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A Plate of Ahimsa, Please

Read Bob Linden’s article “A Plate of Ahimsa, Please” published in the March 2005 edition of Yogi Times. This articles responds to a previous article, “Conscious Carnivores”(as if that’s possible), published in Yogi Times (Dec/Jan 2005).


A Plate of Ahimsa, Please

(putting peace on the menu)

By Bob Linden

How curious it is for me that I should be composing an article for a yoga magazine like Yogi Times, which I discovered for the first time in December, when the extent of my previous involvement with yoga was attempting a few asanas with a friend when I worked at a rock radio station in Omaha. I enjoyed the magazine’s subject matter, encompassing mind, body, health, and spirituality, and how yoga aims to unite all of these – even the word itself means union. But then, on page 34 of the December issue was an article called Conscious Carnivores and I asked myself, “How can that be?”

I found the concept of conscious carnivores to be a stupefying oxymoron and asked the editors of Yogi Times to allow me to respond. As a student of vegetarianism and the host of a vegan-based radio show, I welcomed the challenge of investigating the yogic-vegetarian connection and tradition, which I thought would have to be natural and apparent. After my study, I am even more convinced that the conscious, awakened, enlightened, and evolved path is to live vegan.

The precept of ahimsa (non-violence, not causing pain), which holds the preeminent place in yama, the first of the eight limbs of Patanjali’s Yoga Sutras, is the foundation upon which the yogic tradition of vegetarianism is based. However, ahimsa as a way of life was observed long before the development of yoga as we know it. Many religious historians recognize Jainism as one of the oldest religions in the world, one of the parent religions of India, and a relative of Hinduism and Buddhism. Professor Christopher Key Chapple, in his book, ‘Non-violence to Animals, Earth, and Self in Asian Traditions,’ traces the concept of ahimsa to an epoch predating the sacred Hindu texts of the Vedas and Upanishads in which the cardinal principle of Jain communities was ahimsa, and complete vegetarianism was a foundational practice. Chapple notes the Jain influence on Hinduism as exemplified in the epic poem of 100,000 verses, said to be the world’s longest the Mahabharata, one of the ancient epic poems of India, wherein it is said: “Who can be more cruel and selfish than he who augments his flesh by eating the flesh of innocent animals?”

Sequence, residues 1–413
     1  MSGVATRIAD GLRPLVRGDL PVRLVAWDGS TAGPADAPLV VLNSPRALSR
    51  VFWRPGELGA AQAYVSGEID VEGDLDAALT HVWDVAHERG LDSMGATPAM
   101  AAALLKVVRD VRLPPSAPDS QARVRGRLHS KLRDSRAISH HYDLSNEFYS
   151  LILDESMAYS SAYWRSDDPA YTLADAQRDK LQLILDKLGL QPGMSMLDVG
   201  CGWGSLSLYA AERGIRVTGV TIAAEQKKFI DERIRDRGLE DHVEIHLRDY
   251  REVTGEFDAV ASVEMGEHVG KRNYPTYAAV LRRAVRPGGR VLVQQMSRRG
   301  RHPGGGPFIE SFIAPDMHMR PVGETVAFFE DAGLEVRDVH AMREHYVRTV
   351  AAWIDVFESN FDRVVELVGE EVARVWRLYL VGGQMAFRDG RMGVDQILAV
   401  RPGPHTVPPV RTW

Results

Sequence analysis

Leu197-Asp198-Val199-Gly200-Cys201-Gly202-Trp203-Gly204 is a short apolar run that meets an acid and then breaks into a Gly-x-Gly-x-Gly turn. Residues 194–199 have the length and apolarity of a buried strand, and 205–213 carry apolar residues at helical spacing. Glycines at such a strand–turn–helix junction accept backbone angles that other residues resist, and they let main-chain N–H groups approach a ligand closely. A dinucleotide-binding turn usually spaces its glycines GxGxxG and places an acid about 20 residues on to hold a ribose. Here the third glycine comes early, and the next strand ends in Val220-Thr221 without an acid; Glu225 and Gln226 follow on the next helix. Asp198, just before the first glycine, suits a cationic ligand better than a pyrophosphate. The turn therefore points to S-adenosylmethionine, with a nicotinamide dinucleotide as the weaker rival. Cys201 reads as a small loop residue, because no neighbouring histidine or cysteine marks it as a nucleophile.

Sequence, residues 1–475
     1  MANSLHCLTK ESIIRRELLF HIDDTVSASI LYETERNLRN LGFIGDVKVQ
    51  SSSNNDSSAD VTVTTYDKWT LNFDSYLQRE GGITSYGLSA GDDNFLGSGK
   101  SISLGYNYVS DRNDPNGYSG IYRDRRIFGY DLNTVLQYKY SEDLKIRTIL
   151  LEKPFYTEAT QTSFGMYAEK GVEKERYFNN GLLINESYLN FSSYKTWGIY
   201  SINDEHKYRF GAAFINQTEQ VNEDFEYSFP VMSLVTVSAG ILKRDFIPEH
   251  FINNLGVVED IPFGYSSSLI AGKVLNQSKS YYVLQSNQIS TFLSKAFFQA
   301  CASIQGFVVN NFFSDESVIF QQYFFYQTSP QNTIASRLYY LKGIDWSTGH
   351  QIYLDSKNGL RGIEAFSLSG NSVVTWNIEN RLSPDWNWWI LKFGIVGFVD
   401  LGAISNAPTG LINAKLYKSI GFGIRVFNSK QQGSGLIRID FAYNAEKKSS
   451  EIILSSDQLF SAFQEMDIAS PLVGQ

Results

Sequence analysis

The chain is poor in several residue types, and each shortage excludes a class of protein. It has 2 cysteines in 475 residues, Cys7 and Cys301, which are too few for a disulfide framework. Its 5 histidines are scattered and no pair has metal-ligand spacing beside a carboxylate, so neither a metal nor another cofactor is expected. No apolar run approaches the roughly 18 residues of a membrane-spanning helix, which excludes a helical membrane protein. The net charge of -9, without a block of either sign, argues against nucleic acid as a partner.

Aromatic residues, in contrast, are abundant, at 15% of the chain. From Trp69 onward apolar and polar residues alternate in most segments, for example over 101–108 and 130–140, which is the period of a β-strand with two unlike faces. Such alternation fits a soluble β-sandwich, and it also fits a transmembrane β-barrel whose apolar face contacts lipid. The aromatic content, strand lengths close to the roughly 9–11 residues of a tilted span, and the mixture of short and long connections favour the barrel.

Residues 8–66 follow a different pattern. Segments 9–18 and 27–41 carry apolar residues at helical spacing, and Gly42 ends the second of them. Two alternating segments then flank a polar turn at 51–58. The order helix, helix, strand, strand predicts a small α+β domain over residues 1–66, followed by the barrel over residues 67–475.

‘Ihe yoga school of Patanjali encouraged strict vegetarianism based on the Jain moral codes that had been passed down for centuries.

The Vedic scriptures of India, which themselves predate Buddhism, also stress non-violence as the ethical basis for vegetarianism. “Meat can never be obtained without injury to living creatures,” states the Manu-samhita, the an-cient Indian code of law. “Let one, therefore, shun the use of meat.”

Hinduism teaches that vegetarianism is a path to holiness, and that eating animals and thus participating in the cycle of inflicting injury and killing creates karma that opens one to the likelihood of experiencing similar suffering in the future. Hinduism teaches that in order to live in higher consciousness and in peace and happiness, one cannot eat animals. In particular, Hindus do not eat beef because the cow is sacred. The Hindi word for cow is aghnaya, which means, “not to be killed:’ Gautama Buddha is known for preach-ing against killing animals, and established ahimsa and vegetarianism as fundamental steps on the path of self-awareness, saying, “do not butcher the ox that plows thy fields,” and “do not indulge a voracity that involves the slaughter of animals.”